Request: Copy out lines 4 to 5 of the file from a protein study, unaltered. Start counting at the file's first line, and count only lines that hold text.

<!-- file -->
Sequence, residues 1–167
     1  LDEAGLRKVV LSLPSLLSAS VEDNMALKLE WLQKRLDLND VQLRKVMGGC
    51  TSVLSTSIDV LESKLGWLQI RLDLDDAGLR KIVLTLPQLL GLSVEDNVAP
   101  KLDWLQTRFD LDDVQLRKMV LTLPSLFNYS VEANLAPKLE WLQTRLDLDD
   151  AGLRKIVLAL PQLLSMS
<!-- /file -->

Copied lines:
   101  KLDWLQTRFD LDDVQLRKMV LTLPSLFNYS VEANLAPKLE WLQTRLDLDD
   151  AGLRKIVLAL PQLLSMS